For many people, the National Health Service (NHS) is the pride of Britain, an emblem of care and equality that we proudly present to the world. It is a fundamental part of UK society and because of that it can often create some very strong emotions.
However, the strain on NHS services is growing. This is due to a range of reasons from the rise of obesity and type 2 diabetes, to mental illness, addiction, ageing populations and chronic diseases. Frontline community healthcare organisations are being asked to do more and more, delivering more services within the community as hospitals are under increasing pressure as they experience a sharp rise in the number of patients.
To back this up, our survey of senior community healthcare leaders carried out with our partner Circle Research, found organisations were struggling to cope with the combination of an increased demand for services, severe budget cuts and an influx of legislation and regulation.
The burden of bureaucracy appears to be a particularly heavy one, with nurses now spending an average of one day per week on administration. This leads to increased frustration, longer working hours and reduced contact time with patients. Research by the Royal College of Nursing recently discovered that four in ten nurses would like to quit their jobs if they could, largely as a result of time pressures caused by excessive bureaucracy. As a result, over the past ten years the sector has seen a 47% drop in staffing levels.
This is of critical importance, considering that our NHS is built on patient care delivered by the best healthcare workers. In order to continue to improve the quality of patient care, we need to make sure that we’re reducing the burdens they are facing – making our caregivers’ working lives easier and allowing them to spend more time caring for patients. This will ensure that frontline staff remain motivated and enthused – and, crucially, that they remain in the job.
Stopping bureaucracy and improving service through mobile technology
Our research found that 78% of community healthcare leaders are looking to increase their use of new technologies to reduce bureaucracy and enable more flexible, time-efficient working practices.
A key to success will be implementing technologies that embody the principles of ‘mobility’ and ‘synchronicity’. They allow staff to spend as much time as possible in the community with access to real-time, accurate information from back-office systems. More time can then be spent in the community helping patients and less time travelling back to the office to complete paperwork. Such is the importance of the role of technology to the sector that over the next two years community healthcare leaders expect to see double-digit growth in the adoption of mobile devices, unified communications, cloud solutions and M2M.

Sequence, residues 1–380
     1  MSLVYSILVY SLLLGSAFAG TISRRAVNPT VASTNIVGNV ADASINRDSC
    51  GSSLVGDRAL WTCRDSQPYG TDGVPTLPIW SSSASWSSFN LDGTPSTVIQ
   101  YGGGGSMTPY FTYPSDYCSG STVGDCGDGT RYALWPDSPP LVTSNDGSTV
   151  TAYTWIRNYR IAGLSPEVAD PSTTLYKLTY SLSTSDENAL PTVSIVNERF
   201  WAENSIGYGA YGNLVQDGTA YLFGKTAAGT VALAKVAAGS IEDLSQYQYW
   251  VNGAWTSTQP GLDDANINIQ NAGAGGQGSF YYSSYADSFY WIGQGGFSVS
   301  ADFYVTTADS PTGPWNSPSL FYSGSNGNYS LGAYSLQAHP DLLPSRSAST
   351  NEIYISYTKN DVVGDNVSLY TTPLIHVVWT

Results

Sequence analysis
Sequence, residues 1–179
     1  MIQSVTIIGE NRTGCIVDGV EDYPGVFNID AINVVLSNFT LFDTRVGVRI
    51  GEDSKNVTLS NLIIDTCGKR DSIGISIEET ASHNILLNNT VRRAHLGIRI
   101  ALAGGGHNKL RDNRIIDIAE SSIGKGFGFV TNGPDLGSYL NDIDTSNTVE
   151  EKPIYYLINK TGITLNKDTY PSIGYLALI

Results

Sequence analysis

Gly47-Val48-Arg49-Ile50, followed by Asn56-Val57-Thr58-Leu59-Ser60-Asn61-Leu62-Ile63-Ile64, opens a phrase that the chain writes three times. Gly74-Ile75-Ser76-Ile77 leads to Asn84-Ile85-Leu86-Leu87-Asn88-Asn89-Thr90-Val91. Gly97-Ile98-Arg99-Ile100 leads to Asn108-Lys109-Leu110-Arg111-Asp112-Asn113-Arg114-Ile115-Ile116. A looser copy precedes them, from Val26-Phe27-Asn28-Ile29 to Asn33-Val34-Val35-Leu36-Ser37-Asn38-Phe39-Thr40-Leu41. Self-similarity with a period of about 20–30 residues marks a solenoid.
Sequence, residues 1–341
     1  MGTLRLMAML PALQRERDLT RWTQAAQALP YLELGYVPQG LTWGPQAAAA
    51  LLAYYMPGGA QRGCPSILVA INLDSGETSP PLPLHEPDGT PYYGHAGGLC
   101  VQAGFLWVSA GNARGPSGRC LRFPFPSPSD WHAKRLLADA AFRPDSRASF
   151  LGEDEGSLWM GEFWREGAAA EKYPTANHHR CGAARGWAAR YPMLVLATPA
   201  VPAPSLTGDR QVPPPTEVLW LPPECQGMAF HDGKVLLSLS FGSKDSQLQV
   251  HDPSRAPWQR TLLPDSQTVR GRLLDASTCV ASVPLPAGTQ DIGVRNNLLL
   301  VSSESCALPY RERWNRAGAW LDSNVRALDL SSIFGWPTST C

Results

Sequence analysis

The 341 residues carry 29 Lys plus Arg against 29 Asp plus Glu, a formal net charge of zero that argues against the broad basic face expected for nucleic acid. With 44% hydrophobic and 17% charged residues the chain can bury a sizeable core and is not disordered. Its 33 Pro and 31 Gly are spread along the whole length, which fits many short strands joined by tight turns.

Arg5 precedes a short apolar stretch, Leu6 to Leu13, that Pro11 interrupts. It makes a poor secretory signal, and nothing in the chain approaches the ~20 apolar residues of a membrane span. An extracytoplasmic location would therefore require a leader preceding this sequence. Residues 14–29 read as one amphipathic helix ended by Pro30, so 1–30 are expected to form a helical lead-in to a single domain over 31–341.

Take the NHS Western Isles as an example. It may come as a surprise that more than 40% of their frontline staff time was being spent on inputting and processing the data from patient visits. Now, nurses carry revolutionary digital pens wherever they go. As they write on forms, the pen converts and securely transmits the data to the organisation’s server. As a result, nurses have more quality time to spend with their patients and the solution is expected to enable over 5,000 additional visits every year.
Blackpool NHS community nursing has also turned to technology to gain greater efficiencies. They’ve rolled out tablets synchronised to the organisation’s existing IT infrastructure, through which clinicians are able to access patient information, record notes and adjust their schedules. Using the tablets has allowed nurses to fully focus their attention on their patients, safe in the knowledge that they have the technology at their fingertips to find, record and action all important information. Plus, as they no longer have to return to the office so regularly to do paperwork, each clinician is able to make up to two extra appointments every day, which is having a huge impact on the quality of care provided in the community.
Things to consider when implementing technology
It is vital that organisations have solid plans in place through which to smoothly manage the implementation and operation of these new technologies.
Our research found that, aside from budget, key barriers for healthcare leaders are the need to train employees (67%), IT and data security concerns (64%), together with ongoing maintenance requirements (64%). More critically, given the sensitivity of patient data, nearly three quarters of organisations feel they are lacking the IT capabilities required to implement new technologies. Given this skills gap, it’s no surprise to find that over two-thirds (70%) of organisations intend to outsource technology requirements.
Done correctly, technological investment holds the potential to revolutionise community healthcare – raising the quality of services, boost the morale of staff and drive essential cost savings. With challenges waiting around every corner, this is not a road that should be trodden lightly, but it is one that offers huge rewards and will thoroughly merit the efforts of those who walk along it. It bodes for a healthy future for all.